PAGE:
Let me ask you something. Do you pay bills?
Of course you do. We all have bills. They’re a simple fact of life. But let me ask you another question. Do you have bills that cost interest?
- Credit card bills
- Student loans
- Car loans
I do. I have a loan with 4% interest, and another with 3.5% interest. The media tells me those are “good” rates, that I’m locking things in before they go up.
But you know what? I’m not earning interest in other areas. Certainly not more than three or four percent, if the numbers in my retirement account are to be believed.
And yet, I’d like my money to work for me.
The theory is simple. You have x dollars, and you spend something less than x (hopefully) on your various things. That’s fine, but the only way to get out of the cycle of trading your time for money and your money for things to finance is to start making your money work for you.
There are several ways to approach this:
- Take a look at all the bills you pay which charge you interest, simply for the privilege of having a payment plan
- What’s the highest amount of interest among them? If it’s more than 10%, yikes!
- Paying off high-interest loans gives you the very same benefit as investing in something that gives you that level of return. Think of it that way. The only guaranteed return you’ll ever get is paying off something you owe.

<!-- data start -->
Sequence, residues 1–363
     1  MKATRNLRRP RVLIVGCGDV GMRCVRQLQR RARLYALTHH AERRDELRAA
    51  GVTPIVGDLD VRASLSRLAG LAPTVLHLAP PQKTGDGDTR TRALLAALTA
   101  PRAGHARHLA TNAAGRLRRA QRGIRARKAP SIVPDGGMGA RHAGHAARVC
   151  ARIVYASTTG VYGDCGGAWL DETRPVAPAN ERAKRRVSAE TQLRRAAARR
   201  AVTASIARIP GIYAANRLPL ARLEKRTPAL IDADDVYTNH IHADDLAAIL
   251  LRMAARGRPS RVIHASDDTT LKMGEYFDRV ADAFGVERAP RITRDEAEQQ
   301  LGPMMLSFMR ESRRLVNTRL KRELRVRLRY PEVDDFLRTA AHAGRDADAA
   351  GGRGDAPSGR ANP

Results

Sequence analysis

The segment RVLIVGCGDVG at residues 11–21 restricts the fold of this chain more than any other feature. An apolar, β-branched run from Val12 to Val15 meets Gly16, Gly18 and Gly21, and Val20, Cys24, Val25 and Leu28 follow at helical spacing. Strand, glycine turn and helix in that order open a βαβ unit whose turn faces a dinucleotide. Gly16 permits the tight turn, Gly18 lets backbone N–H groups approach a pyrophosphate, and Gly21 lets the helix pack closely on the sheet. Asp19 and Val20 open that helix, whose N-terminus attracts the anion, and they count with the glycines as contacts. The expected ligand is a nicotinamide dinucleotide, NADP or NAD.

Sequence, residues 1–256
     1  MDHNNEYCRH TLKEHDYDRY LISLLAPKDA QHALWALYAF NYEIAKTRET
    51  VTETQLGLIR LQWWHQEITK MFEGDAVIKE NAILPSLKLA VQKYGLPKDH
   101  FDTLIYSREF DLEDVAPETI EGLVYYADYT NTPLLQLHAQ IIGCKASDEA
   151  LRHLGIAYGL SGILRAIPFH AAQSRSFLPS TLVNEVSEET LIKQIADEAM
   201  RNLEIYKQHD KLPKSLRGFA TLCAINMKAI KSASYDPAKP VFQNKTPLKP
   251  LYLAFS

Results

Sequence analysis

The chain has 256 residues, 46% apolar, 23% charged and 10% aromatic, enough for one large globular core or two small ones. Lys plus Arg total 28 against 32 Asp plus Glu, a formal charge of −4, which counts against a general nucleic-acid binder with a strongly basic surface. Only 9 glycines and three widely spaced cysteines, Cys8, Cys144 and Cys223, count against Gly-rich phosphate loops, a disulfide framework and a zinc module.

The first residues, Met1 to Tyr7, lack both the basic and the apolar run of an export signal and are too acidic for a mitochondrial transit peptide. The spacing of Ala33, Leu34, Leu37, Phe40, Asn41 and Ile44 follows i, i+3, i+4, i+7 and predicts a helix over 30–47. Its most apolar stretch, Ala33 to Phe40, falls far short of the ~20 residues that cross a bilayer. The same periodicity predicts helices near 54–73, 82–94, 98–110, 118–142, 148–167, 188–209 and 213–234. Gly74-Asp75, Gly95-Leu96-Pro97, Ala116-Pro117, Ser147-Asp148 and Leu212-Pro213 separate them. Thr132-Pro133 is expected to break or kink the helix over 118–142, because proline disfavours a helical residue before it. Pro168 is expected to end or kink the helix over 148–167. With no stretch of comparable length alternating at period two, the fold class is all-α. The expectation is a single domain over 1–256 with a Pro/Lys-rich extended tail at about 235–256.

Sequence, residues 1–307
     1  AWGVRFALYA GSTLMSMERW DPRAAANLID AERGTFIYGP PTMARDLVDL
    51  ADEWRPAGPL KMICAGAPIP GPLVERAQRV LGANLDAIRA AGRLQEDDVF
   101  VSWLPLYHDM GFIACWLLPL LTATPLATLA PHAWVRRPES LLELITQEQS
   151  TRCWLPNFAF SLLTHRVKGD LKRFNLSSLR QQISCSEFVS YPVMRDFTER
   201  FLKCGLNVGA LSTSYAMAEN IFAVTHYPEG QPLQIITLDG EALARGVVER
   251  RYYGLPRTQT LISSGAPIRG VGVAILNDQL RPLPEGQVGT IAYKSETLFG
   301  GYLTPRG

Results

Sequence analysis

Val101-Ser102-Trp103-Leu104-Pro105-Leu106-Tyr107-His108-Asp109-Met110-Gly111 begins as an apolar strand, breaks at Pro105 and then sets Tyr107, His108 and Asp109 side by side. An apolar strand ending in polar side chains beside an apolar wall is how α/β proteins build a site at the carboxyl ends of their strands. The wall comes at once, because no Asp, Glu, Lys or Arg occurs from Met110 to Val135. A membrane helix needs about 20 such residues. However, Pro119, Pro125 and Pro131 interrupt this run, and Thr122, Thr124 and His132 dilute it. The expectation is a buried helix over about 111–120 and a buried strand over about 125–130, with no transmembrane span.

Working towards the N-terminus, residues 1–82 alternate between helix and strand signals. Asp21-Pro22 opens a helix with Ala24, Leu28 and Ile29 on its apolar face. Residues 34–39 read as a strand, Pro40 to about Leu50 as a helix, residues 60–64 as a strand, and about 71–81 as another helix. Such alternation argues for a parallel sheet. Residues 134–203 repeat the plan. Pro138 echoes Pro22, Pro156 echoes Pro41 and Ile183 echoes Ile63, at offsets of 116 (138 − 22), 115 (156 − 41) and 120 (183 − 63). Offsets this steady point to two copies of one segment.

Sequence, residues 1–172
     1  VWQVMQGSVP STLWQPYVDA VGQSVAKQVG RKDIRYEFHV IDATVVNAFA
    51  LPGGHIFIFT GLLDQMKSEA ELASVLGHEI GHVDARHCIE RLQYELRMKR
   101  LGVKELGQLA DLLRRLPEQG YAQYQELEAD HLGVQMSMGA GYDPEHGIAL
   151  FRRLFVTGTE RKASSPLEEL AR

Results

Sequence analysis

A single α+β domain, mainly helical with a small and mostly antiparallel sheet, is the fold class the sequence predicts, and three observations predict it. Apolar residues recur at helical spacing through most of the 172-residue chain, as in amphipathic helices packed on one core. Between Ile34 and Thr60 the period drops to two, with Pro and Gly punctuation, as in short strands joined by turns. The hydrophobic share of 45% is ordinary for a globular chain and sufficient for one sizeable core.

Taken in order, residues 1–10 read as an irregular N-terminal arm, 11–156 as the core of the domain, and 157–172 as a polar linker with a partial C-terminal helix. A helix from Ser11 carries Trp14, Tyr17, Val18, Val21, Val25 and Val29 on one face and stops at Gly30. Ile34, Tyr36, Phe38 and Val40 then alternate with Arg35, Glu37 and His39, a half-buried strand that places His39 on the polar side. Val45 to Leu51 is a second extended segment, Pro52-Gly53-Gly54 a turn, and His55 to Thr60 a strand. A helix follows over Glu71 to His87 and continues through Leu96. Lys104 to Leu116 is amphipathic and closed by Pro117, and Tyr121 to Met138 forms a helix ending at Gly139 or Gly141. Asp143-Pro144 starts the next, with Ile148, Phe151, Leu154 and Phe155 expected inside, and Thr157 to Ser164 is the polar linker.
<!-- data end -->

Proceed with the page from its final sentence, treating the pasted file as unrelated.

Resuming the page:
- The stock market returns are estimated to stay steady between 6 and 8%, so prioritize investing over paying off something between 3-4%.
- The inflation rate is currently 1.1%, so you’re not doing yourself any favors by keeping your money in one of those “high interest!” savings accounts, which are giving returns of less than 1%, which makes putting money in them only slightly better than keeping your money under your mattress.
Break the cycle! Stop financing things. Make money work for you.
Here are some ideas on how to make money work for you:
- Max out your IRA ($5500 a year)
- Contribute as much as you can to your company’s 401(k) if you have one. If they offer matching, then make sure you’re putting away the maximum you can that will be a match (somewhere like 6% of your salary, but check your employee handbook).
- Start looking into investing options outside of retirement. I didn’t know this until I started looking at it, but you can open the same kind of funds outside retirement as you can inside retirement.
- Look into alternative forms of investing. There are peer-to-peer lending services where you decide who gets to use your money. They pay you back, at a higher rate than you’d get from your savings account, and you lend money at a better rate than they can get from their credit card company.
Once you see how your money can grow when you start letting it work for you, you’ll be well on your way to being financially sound.
And that’s a great place to be.
Image by cohdra